Tichaona Zindoga Political Editor
Mozambican rebel leader Afonso Dhlakama, who has been fighting government in a bloody civil war that has lasted close to four decades, has revealed that he is friends with Mr Morgan Tsvangirai of the opposition MDC-T in Zimbabwe.
Mr Dhlakama revealed this in an interview with a Mozambican newspaper Savana, as he rejected a power sharing agreement that has been proposed by the ruling party, Frelimo, that would see him assume the position of vice president.
According to the newspaper, one time a member of the ruling party, Mr Dhlakama says “to be vice president signifies being Frelimo again.”
“Also, he doesn’t want to happen to him, ‘what happened to my friend Tsvangirai, who eventually disappeared,’” said the paper.
Mr Tsvangirai became Prime Minister of Zimbabwe in the inclusive Government between 2009 and 2013.
He and his party lost the subsequent elections of July 31, 2013 as Zanu-PF romped to over two-thirds majority in Parliament while Tsvangirai lost dismally to President Mugabe by a margin of 34 percent to 61 percent of the votes cast.
Contacted for comment on the nature of relations between MDC-T and Renamo, MDC-T spokesman Mr Obert Gutu professed ignorance on the nature of the relationship between his boss and Dhlakama.
“Of course, I will not be able to know all president Morgan Tsvangirai’s personal friends and acquaintances. He is entitled to have his own private space, just like any other individual.”
Mr Tsvangirai has in the past visited Mozambique to interact with his opposition counterpart.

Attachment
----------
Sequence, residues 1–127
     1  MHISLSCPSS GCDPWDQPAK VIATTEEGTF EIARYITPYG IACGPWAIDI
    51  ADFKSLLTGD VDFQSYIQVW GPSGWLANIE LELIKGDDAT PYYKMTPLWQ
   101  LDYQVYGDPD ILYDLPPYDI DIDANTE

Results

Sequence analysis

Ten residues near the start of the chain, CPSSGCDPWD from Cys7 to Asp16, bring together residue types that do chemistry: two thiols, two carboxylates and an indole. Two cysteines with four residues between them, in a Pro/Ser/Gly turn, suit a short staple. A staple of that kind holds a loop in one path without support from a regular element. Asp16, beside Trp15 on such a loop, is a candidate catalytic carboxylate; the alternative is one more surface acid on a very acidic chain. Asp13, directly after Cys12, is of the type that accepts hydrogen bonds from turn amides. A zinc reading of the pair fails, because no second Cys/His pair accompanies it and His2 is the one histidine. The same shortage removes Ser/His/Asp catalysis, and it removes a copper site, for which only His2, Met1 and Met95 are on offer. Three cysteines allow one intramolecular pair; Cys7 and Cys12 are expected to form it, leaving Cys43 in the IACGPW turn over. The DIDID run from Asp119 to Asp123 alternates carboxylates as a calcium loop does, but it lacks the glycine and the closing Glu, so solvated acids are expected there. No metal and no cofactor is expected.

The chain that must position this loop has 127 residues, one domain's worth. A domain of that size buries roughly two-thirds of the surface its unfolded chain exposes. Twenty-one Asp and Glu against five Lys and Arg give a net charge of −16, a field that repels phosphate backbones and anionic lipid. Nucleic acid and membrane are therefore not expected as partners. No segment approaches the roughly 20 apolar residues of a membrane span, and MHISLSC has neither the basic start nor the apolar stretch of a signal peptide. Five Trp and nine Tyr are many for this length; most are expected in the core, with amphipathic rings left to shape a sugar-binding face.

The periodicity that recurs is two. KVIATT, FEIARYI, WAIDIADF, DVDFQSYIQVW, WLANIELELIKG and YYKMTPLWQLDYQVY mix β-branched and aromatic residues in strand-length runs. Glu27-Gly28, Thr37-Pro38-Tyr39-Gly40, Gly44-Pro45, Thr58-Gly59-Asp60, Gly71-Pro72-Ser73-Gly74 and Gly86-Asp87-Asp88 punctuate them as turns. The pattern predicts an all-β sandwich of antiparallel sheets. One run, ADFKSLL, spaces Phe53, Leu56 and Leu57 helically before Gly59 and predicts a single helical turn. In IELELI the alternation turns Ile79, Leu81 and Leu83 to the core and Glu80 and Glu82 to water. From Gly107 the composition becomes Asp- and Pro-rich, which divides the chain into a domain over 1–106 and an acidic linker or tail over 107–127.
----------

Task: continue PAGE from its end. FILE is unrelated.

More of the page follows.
Since 2000 he has met Mr Dhlakama a number of times.
The most significant of these interactions came in April 2008, after the elections of March that year when Mr Tsvangirai canvassed for regional support.
The visit is confirmed by WikiLeaks in a leaked US cable dated April 23, 2008.
It says, “The visit was personally coordinated by the leader of Mozambique’s opposition party Renamo, Afonso Dhlakama, who arranged for Tsvangirai to meet with former president Joaquim Chissano and current president Armando Guebuza.”
The cable says Dhlakama told the Press on April 24 that he advised Tsvangirai that Chissano could only get involved in finding a solution for Zimbabwe if the heads of state of Sadc requested that he do so while President Guebueza had not yet commented on the content of his meeting with Tsvangirai.
The cable concludes: “ . . . Tsvangirai did himself no favours . . . by so publicly . . . aligning himself with Renamo’s leader Dhlakama. Always the opportunist, Dhlakama took the spotlight during Tsvangirai’s visit, positioning himself as a senior mediator who is working to ensure regional democracy.”